Humans have lived in every kind of society, from the most egalitarian hunter-gatherer bands of our pre-history (described by Christopher Boehm in his recent book Moral Origins), to the most brutal tyrannies. We instinctively know how to be caring and sharing, creating social bonds of friendship, mutuality and cooperation. We also know how to do status competition, how to be snobs, looking up to superiors and down on inferiors, and how to talk ourselves up. We use these alternative social strategies almost every day of our lives, but inequality shifts the balance between them. A study covering 26 European countries found that people in more unequal countries were less willing to take action to help others—whether the sick, elderly, disabled or others in the community. (Paskov & Dewilde 2012)

It is hard to avoid the conclusion that we become less nice people in more unequal societies. One of the better-known costs of inequality is that people withdraw from community life and are less likely to feel that they can trust others. This is partly a reflection of the way status anxiety makes us all more worried about how we are valued by others. But good social relationships are key to human well-being. Study after study shows that they are highly protective of health (Holt-Lunstad, Smith & Layton 2010) and essential to happiness. (Layard 2005; Dunn, Aknin & Norton 2008) And now that we can compare robust data for different countries, we are reminded of what we once knew intuitively—that inequality is divisive and socially corrosive.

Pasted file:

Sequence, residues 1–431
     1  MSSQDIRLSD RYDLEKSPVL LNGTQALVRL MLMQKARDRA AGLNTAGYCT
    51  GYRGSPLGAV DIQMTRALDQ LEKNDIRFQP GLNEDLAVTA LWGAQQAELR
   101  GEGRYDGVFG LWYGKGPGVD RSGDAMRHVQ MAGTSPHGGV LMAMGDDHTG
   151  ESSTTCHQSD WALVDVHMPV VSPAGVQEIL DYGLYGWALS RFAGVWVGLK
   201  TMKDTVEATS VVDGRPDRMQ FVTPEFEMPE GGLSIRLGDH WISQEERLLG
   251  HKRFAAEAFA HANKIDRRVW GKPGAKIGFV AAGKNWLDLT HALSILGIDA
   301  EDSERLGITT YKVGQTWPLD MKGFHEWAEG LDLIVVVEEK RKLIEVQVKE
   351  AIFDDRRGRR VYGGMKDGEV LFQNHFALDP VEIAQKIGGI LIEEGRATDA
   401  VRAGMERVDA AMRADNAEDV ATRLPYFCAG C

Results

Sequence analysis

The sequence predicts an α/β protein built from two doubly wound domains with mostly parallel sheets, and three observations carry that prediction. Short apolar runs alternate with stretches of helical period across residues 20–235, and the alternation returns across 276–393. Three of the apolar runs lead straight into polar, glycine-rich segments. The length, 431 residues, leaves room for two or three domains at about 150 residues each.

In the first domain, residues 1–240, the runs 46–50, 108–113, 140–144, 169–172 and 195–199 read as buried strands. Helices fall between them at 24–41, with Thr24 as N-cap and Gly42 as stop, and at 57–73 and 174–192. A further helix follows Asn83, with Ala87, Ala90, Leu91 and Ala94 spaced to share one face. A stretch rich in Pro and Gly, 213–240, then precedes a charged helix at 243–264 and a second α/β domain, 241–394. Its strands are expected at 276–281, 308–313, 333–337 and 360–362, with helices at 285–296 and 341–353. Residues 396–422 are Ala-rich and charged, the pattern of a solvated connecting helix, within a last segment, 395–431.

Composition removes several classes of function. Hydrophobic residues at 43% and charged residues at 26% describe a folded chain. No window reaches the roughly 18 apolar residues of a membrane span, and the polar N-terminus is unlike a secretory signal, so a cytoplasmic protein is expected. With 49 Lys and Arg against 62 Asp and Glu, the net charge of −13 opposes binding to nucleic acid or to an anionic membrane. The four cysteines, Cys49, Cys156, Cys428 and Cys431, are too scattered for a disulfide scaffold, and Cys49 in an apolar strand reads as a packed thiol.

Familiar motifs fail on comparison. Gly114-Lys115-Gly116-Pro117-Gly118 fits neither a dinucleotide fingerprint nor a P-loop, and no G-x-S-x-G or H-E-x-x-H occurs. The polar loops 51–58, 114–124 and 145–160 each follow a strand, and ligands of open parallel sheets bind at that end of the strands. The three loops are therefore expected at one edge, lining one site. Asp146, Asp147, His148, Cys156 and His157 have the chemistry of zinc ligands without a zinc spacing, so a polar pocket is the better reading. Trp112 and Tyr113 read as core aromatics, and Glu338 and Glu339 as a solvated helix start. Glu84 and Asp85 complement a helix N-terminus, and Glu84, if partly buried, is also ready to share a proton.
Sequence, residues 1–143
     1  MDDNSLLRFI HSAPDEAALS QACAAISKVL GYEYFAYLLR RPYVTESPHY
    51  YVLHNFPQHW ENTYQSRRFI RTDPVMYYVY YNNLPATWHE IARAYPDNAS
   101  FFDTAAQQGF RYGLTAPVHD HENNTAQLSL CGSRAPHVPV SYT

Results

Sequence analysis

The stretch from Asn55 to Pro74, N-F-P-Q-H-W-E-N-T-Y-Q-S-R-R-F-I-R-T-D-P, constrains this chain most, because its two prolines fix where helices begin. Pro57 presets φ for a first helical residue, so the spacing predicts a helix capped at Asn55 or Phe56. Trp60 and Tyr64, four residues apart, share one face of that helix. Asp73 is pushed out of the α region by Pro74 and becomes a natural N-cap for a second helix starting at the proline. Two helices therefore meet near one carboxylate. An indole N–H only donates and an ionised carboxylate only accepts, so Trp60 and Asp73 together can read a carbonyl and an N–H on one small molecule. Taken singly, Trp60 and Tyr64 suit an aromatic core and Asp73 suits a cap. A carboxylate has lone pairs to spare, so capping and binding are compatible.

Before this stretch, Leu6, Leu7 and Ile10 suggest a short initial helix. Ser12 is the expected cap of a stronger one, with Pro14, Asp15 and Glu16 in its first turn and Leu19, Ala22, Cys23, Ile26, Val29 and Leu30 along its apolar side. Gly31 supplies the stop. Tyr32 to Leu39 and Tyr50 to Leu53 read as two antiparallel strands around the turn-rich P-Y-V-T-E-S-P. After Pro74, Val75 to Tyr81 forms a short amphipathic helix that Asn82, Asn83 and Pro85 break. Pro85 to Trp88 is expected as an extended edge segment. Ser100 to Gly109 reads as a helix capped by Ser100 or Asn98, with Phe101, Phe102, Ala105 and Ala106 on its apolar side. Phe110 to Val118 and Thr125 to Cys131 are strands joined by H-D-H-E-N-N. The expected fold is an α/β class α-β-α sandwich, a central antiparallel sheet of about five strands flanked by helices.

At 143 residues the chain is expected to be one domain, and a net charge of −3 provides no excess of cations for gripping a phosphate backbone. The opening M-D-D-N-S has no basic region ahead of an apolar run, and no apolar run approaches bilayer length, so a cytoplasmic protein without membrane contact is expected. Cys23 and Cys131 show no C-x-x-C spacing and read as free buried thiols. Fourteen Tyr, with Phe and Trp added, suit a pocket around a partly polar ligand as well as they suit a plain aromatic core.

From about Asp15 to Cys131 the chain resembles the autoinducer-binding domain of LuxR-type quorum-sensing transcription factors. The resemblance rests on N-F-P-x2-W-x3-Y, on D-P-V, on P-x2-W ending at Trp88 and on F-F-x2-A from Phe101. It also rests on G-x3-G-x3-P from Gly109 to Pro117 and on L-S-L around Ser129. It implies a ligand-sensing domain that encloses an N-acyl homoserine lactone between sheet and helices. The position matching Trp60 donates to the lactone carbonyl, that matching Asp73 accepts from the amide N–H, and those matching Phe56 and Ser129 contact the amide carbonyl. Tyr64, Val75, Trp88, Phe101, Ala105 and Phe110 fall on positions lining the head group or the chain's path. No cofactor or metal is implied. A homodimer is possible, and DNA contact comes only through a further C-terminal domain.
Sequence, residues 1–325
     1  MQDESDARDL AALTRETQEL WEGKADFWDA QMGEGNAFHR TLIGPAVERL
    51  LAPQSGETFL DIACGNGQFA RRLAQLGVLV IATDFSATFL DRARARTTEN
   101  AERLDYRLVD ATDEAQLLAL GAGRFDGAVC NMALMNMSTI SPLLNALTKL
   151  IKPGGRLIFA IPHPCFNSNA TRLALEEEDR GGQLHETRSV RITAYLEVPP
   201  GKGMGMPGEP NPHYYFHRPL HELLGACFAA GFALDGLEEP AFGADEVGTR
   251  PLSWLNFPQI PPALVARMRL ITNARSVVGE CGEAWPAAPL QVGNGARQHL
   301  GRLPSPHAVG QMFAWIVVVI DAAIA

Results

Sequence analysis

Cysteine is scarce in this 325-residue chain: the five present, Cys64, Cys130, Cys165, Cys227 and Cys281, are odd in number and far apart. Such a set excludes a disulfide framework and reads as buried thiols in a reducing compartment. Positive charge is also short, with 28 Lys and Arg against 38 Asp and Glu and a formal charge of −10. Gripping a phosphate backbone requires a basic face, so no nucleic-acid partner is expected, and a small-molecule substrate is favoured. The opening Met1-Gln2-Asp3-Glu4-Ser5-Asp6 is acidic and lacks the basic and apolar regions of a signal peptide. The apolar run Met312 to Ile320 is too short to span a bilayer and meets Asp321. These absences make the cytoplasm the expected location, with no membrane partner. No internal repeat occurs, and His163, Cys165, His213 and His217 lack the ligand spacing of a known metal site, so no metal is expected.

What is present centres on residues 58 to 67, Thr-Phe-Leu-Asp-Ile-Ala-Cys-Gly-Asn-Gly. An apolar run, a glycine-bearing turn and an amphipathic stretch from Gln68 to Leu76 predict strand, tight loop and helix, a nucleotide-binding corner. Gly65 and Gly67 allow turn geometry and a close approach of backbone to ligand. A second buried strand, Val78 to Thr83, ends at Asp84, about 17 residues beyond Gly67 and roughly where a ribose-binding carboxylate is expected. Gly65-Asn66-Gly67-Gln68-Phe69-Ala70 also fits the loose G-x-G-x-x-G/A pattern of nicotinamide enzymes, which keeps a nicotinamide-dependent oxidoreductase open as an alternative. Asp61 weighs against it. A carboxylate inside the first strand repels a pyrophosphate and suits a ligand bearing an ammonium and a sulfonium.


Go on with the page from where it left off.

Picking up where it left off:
Richard Wilkinson is a Professor Emeritus of Social Epidemiology at the Univ. of Nottingham, Honorary Professor of Epidemiology at University College London and a Visiting Professor at the Univ. of York. richard@richardwilkinson.net
 
Kate Pickett is a Professor of Epidemiology at the Univ. of York and a National Institute for Health Research Career Scientist. She is co-founder of The Equality Trust with Richard Wilkinson.
An abridged version of this article appeared as a New York Times “Opinionator” column on Feb. 2, 2014. kate.pickett@york.ac.uk